IAN Press products are designed to be examples of good science communication principles, and the hope is that others will employ these principles so that scientific understanding can be disseminated widely as possible. The production of IAN Press communication publications involves experimentation with communication techniques and, as such, provides various ideas for science communication that can be emulated.

The comparisons and contrasts that IAN Press provides on environmental subjects intend to stimulate scientists, managers, practitioners, policy makers, students and other readers to think more broadly and expansively about the region and issues that they face. The extensive use of visual elements accesses a broader cultural diversity as well, which allow for more global perspectives.

The conclusions and recommendations presented in IAN Press publications are crafted to empower actions, plant seeds of ideas and provide justification for people to take appropriate action to find solutions to environmental problems. The conclusions are made as explicit as possible by employing active titles and featuring them prominently (e.g., front section of books or back cover of newsletters).

On costs

IAN Press does not provide author royalties and the design and layout of the publications conducted by a talented team of Science Communicators is underwritten by various grants and contracts. Marketing is limited to the internet and word-of-mouth, also reducing costs. Thus, the price of IAN Press publications is solely to reimburse the actual printing costs entailed. The intent is to provide the broadest possible readership, thus keeping costs as low as possible is paramount. Typically, full color is used, virtually on every page, which does increase print costs, however, the use of color is a key element in providing accessible information to a wide audience and the lack of author royalties or design/layout charges.

Peer review

IAN Press undertakes a rigorous review process by both peer scientists and resource managers. In addition, Integration and Application Network Science Integrators and Science Communicators read, edit and review all aspects of IAN Press publications, including text, conceptual diagrams, photographs, maps, figures and tables. Many IAN Press publications are multi-authored, and each author contributes to the review and editing of the entire publication. This is not the classical peer review system of a limited number of anonymous reviewers working with an editor to recommend changes, rather a larger number of non-anonymous reviewers that develop consensus on each word, visual element and recommendation. The review process is often accelerated by IAN Press to accommodate timely publication.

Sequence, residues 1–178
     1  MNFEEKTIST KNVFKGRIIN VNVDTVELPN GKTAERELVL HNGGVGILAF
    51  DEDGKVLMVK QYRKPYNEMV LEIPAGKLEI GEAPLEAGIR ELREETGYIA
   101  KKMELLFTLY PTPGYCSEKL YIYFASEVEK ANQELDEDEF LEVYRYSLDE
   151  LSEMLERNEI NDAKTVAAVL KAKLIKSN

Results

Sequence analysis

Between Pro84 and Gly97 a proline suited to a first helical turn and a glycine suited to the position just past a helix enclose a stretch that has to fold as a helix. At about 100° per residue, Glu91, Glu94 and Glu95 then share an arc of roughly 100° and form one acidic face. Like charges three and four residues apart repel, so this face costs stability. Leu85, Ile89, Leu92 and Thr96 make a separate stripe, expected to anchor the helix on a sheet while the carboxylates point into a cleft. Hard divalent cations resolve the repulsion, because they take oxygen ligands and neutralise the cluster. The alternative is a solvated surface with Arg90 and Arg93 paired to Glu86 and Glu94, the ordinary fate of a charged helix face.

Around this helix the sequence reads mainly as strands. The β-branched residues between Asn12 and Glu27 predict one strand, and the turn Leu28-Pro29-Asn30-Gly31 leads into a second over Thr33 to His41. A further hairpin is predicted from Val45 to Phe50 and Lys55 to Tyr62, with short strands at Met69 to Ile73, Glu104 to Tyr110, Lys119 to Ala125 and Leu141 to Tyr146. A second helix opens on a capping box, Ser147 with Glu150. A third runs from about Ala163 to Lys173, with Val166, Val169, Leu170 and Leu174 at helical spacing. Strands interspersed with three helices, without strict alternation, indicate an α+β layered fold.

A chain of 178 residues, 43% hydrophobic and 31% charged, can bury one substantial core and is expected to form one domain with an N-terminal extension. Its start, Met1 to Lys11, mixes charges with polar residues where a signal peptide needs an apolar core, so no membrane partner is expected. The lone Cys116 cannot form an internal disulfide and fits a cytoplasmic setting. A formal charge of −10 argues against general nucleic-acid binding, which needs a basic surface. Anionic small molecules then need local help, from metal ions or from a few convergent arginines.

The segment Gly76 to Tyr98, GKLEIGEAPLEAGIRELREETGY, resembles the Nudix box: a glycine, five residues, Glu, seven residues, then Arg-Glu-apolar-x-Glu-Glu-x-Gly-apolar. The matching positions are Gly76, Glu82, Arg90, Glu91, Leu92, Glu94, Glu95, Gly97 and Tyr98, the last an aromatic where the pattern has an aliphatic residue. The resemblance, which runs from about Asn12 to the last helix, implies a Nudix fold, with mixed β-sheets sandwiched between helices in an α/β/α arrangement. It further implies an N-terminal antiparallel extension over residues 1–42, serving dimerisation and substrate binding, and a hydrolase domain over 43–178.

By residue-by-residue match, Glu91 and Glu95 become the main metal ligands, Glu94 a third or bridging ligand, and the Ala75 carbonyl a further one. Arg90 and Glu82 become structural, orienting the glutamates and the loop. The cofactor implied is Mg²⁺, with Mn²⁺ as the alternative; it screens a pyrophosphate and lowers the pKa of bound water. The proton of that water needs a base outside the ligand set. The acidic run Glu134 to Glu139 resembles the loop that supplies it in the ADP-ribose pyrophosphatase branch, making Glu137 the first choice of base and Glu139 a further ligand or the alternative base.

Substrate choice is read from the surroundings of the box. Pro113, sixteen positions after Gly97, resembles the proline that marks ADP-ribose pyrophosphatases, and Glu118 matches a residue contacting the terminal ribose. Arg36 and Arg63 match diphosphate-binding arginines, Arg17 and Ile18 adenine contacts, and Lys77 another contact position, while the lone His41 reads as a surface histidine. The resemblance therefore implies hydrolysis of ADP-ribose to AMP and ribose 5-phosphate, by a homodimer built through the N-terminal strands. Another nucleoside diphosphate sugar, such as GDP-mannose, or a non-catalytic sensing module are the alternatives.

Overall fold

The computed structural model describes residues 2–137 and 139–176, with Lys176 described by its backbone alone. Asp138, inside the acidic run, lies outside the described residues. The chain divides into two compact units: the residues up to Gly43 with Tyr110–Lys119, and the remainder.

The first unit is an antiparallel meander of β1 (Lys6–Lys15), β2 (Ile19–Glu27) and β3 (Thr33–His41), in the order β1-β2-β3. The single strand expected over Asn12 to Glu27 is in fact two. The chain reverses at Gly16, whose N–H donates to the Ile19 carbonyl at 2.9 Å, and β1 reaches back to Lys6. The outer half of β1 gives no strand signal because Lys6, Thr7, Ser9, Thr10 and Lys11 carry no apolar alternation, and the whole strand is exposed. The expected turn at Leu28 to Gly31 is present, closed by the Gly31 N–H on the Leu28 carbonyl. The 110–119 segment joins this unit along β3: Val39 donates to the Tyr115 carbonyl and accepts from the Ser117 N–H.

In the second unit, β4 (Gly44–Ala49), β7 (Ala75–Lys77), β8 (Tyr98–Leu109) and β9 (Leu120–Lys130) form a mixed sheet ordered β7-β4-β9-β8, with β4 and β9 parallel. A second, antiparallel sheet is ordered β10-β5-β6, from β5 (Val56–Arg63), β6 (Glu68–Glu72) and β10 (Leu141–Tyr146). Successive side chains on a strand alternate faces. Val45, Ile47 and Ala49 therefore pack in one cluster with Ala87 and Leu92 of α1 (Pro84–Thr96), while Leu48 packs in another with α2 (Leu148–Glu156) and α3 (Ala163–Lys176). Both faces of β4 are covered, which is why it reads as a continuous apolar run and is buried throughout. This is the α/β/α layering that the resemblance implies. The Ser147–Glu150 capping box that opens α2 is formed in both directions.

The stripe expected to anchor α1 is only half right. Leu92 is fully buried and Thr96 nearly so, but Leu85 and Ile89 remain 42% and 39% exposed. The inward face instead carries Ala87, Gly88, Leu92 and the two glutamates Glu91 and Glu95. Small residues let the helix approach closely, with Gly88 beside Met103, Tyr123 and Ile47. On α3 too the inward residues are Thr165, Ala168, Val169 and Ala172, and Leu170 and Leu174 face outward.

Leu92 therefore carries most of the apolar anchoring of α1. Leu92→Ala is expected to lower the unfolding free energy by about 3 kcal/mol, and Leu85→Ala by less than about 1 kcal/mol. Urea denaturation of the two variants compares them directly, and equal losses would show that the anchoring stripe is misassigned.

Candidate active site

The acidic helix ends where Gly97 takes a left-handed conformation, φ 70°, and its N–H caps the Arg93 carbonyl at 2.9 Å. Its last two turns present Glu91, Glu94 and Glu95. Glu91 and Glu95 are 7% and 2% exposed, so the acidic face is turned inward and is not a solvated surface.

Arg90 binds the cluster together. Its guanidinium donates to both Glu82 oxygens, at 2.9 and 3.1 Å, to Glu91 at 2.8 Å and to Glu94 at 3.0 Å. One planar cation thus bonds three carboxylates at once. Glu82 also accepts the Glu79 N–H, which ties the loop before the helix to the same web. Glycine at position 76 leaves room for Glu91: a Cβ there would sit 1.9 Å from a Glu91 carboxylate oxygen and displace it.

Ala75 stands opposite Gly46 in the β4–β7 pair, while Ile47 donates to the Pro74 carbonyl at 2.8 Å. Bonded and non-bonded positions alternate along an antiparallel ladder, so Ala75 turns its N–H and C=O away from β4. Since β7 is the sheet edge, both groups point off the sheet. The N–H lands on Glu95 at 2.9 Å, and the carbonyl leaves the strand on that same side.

Authorship

IAN Press attempts to be as authorship inclusive as possible and to provide attribution to each visual element. Authorship is not ranked or ordered, and the credibility of the IAN Press product should be based on the scientific data presented and the collective effort of a multiple of contributors, both with and without formal academic training.

Science Communicators are the key element in the production of IAN Press documents. They design the layout of the document, obtain and edit the visual elements, designate the amount and style of text, and orchestrate the review and editing process. IAN Press documents are produced using a 'storyboard' approach, in which the central message(s) are identified and various visual elements selected to support the central message(s). This is in contrast to the more traditional method of writing text and adding in visuals subsequently. In video and film production, storyboards are used and the producer is key to assembling the visual elements. Science Communicators serve in an equivalent role in terms of assembling all the pieces that go into the publication.

Color

IAN Press relies extensively on color for photographs, maps, conceptual diagrams, figures and even text and tables to a limited degree. The use of color allows for an increased data density and provides a bigger visual impact considering the amount of the human brain devoted to visual discrimination of colors. Color allows for greater discrimination of visual elements and in data presentation, a closer juxtaposition of different elements and greater comparative utility. The preponderance of color printers and the ability of electronic versions to be displayed in color promote the inexpensive dissemination of full color documents. In order to help color-blind people compensate, an effort is made to provide other visual clues in graphics, such as symbols with different shapes or map delineations with different shading or texture, but some of the visual impact will be compromised.